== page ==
18 December 2011

Mummers Parade

Source: Order your own mummer here
Mummers in Newfoundland are one of the many traditions brought over by the hundreds of English fishermen who came here to work in the 18th C. The tradition involved dressing up in old sheets, blankets, curtains, pillow cases, buckets, (basically, whatever you can put your hand to), disguising your identity (this is key), then going door-to-door and performing an old Christmas play in return for food and drink. The hosts would often try and guess the identity of the performers which, in small fishing communities usually wasn't too difficult.

But things took an ugly turn in the 19th C when some individuals took advantage of the traditional disguises to work out political or personal vengeance (see Mummers on Trial or Mummering, Violence and the Law...). Mummering was then banned.

While the tradition continued on in smaller, isolated communities it died out in the larger communities, particularly St. John's, until a revival in the 70s. There's been a Mummers Play, a song, a radio documentary, however, in a city of 200,000 door-to-door mummers aren't always a welcome sight even with the catch phrase "Any Mummers Allowed?" Soon after I moved here in the mid-90s, I experienced a mummers' invasion and I gotta say, as a CFA (come-from-away), I was just a little nervous. The mummers were friends of my room-mates but I didn't know and so made sure to be holding a heavy skillet (behind my back) in case things got out of hand which, from my point of view, seemed likely. We survived.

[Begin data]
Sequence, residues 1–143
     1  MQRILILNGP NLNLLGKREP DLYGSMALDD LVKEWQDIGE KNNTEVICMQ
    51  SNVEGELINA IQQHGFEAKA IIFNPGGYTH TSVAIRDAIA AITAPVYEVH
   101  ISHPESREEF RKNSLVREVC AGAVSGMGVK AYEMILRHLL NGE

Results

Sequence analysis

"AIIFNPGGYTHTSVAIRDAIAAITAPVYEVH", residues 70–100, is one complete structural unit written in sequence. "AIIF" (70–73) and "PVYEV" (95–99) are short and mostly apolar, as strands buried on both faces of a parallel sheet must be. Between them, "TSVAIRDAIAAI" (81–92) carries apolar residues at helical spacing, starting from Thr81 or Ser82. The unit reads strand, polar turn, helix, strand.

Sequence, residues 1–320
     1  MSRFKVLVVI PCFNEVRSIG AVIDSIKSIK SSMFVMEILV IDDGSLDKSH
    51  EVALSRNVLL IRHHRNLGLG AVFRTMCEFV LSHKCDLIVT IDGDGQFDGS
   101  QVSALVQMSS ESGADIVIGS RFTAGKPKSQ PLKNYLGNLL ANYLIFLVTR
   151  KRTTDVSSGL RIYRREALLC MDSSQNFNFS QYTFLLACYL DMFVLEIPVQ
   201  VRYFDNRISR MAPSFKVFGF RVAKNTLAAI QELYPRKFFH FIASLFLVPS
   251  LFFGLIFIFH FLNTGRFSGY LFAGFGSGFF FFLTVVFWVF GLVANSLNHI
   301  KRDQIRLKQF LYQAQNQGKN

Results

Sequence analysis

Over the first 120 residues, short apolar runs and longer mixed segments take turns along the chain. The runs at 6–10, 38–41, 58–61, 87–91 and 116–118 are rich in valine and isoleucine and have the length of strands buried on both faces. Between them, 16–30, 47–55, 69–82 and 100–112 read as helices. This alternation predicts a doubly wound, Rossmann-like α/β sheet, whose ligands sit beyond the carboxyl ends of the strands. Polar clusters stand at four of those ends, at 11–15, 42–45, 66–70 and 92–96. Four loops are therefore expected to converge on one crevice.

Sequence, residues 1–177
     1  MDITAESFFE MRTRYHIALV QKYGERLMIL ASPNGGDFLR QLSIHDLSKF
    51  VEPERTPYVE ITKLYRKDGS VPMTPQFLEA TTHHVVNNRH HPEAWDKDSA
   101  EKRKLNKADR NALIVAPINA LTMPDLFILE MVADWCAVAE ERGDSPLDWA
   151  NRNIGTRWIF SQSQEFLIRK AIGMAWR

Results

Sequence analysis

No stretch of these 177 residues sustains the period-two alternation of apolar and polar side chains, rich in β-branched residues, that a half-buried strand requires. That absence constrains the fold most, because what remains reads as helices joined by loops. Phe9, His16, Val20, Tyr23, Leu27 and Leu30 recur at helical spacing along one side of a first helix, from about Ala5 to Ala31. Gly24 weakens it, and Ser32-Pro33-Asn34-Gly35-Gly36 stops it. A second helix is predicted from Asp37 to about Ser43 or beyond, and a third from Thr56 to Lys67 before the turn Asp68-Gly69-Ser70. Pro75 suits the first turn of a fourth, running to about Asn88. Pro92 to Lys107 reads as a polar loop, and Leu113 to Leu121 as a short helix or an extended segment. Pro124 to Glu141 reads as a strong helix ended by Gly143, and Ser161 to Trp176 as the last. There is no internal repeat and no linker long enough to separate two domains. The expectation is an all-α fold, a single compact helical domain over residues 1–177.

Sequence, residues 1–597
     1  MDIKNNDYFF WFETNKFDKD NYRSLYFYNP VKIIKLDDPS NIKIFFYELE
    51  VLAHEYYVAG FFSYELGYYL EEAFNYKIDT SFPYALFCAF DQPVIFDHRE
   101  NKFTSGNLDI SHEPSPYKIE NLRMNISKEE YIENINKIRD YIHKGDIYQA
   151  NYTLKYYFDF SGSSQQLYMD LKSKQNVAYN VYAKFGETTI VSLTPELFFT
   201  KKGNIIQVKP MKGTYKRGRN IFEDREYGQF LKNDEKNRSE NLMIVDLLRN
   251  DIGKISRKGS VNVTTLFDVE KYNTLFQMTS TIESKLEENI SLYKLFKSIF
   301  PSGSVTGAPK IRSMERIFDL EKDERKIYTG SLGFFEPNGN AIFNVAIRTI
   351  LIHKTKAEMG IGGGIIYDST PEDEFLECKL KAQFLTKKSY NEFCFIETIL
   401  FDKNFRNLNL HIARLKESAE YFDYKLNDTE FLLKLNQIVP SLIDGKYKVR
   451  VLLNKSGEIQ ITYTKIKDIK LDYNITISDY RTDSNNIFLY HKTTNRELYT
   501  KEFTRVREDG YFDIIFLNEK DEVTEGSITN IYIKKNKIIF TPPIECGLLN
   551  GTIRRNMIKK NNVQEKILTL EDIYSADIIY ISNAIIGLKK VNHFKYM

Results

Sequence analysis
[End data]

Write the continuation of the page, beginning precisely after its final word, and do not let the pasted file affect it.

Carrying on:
The most recent incarnation of the Mummers has been a Mummers Festival which includes a parade through the streets of St. John's. It happened yesterday. I wasn't there as I had some urgent cooking matters to attend to...with my heavy skillet.

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